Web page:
I’m not much of a honker.
In fact, I’ve owned my car for more than seven years, and still have no clue where the horn is.
Typically, when a situation arises requiring its use, I just frantically pound on the steering wheel, hoping I might inadvertently hit it.
By the time it finally blares, it’s usually too late and the need, like clearing running pedestrians from the front of my car, has already passed.
It’s not because I don’t like the horn, am opposed to the horn or that I don’t understand the value of the horn for things like greeting a familiar passerby, announcing my arrival or preventing certain death.
I just don’t use it.
Instead, if it’s necessary to convey my feelings to another driver, I prefer using more universally recognized forms of communication, both verbal and non-verbal, to get my point across.
Some people, however, blow their horn at every opportunity, even when there’s not a valid reason.
I once had a friend who honked at virtually anything, real or imagined.
She’d see a car waiting at an intersection. Beep. A car preparing to leave a gas station. Beep. A car at a stop sign. Beep. A car making a legal, left-hand turn. Beep.
Finally, when I couldn’t stand it any longer, I asked her what she was doing.
“I just want to make sure they know I’m here,” she replied.
Based on her overall driving ability, I didn’t think it was going to be a problem but kept that to myself.
A current friend of mine has mastered the remarkable skill of riding the brakes while simultaneously accelerating in a violation of physics so groundbreaking, even Stephen Hawking couldn’t come up with a formula for it.
Her “accelerbraking” routinely provokes a significant amount of honking, usually from someone behind her who’s unable to tell if she’s stopping or attempting time travel.
Though I’m not really a honker, I’ve observed that honking has its own set of guidelines and means for interpretation.
The “Would-You-Mind-Looking-Up-From-Your-Phone-Because-The-Light-Has-Been-Green-Since-Last-Week” honk is a short tap that lets the person in front of you know that while you’re doing your very best to be polite, ramming into their vehicle is your next order of business if they don’t stop wasting your time checking Instagram.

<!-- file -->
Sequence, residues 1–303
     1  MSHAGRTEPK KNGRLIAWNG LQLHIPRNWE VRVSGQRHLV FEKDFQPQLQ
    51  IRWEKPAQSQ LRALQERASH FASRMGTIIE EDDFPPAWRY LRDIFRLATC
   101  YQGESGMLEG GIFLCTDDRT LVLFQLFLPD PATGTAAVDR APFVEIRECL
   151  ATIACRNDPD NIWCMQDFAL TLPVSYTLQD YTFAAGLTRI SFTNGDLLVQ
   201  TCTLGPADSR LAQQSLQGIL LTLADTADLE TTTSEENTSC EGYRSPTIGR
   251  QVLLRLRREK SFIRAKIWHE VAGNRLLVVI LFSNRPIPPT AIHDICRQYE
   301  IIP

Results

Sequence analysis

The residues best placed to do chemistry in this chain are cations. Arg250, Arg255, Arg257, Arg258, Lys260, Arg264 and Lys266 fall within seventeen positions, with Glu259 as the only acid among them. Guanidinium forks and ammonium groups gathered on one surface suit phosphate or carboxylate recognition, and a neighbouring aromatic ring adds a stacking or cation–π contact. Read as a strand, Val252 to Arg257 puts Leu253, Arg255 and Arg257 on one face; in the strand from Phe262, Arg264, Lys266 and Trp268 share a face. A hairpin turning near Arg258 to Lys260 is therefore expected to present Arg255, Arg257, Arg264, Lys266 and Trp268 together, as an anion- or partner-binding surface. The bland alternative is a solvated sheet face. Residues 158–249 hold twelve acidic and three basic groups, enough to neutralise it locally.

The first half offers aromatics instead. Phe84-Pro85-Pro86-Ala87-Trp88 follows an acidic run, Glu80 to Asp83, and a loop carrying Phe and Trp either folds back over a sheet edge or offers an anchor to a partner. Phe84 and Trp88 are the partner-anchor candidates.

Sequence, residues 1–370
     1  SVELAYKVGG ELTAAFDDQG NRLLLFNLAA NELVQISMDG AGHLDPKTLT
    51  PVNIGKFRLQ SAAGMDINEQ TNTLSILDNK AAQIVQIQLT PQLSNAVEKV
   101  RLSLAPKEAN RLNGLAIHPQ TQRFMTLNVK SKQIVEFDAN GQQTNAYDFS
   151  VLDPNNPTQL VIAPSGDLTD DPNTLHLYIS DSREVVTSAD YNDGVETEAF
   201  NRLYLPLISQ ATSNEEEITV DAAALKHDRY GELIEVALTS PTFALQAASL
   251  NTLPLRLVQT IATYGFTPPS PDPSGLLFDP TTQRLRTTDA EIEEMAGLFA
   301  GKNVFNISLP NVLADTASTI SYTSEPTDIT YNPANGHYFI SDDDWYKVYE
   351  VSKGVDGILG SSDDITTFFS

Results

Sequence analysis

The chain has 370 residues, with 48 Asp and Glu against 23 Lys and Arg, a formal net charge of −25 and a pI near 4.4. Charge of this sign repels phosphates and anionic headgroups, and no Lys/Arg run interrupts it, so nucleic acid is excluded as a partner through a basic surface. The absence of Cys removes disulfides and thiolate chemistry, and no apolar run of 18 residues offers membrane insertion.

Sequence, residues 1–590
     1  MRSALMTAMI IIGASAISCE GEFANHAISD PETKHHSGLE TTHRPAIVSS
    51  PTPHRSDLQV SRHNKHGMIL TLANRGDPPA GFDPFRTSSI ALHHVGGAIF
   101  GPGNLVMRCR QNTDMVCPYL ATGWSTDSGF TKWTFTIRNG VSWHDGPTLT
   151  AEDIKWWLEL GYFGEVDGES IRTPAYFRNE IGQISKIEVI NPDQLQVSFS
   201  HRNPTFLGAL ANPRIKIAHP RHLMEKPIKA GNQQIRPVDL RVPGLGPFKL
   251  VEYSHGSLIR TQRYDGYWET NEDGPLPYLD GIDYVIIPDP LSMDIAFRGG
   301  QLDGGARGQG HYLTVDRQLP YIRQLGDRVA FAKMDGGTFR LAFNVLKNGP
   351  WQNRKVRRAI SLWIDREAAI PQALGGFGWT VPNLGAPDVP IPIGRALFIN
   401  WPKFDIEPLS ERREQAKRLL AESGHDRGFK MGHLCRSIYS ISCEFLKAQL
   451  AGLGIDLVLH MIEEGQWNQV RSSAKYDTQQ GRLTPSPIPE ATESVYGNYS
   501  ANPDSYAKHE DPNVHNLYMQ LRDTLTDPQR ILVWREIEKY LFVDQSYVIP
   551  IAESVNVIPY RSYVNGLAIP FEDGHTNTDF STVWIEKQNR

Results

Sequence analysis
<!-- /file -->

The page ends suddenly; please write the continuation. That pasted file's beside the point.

The longer, bellowing “Oh-My-God-What-The-Hell-Are-You-Doing” honk is usually reserved for someone who has nearly ended your life with their driving incompetence, or is verging on it.
In certain situations it’s acceptable to use the more aggressive “What-The-Hell-Are-You-Doing” honk in place of the “Would-You-Mind-Looking-Up-From-Your-Phone” honk, including (but not limited to), when you’re speeding to an appointment you forgot you made, just finished a 32-ounce Dunkin Donuts coffee with an hour to go before arriving at your destination, or it’s Monday.
Occasionally, when the infraction is severe enough, like when a cutter sneaks in line after you’ve been sitting in traffic waiting to take an exit, you’ll hear the “Police-Intervention-Required” honk.
This happens when someone is so unbelievably enraged that they continuously hold down the horn with no intention of releasing it. Ever.
If you’re on the receiving end of it, it can only mean one of two things: A driver’s ed refresher course is in order, or you’re from Massachusetts.
Even if I were a honker, I probably wouldn’t use the horn in my car. It’s pretty lame as far as horns go.
It’s not like the one in the Ford Country Squire station wagon that we had when I was growing up.
Sounding like a steam engine pulling into the station, our wood-paneled tank-of-a-car had an impressive horn with a commanding, but pleasant tone, saying “Don’t-Even-Consider-Doing-That-Again, But-Have-A-Nice-Day!”
My minivan hardly compares.
On the rare occasion that I’ve used it, it bleats out a thin, meeeeeehhhhh warning anyone in the vicinity to BACK OFF, because I’ve got groceries in the car and am headed to a school open house.
Maybe the next car I own will have a horn worth honking. If so, it’s possible I might actually use it once in a while. The only downside is that I’ll have to find it first.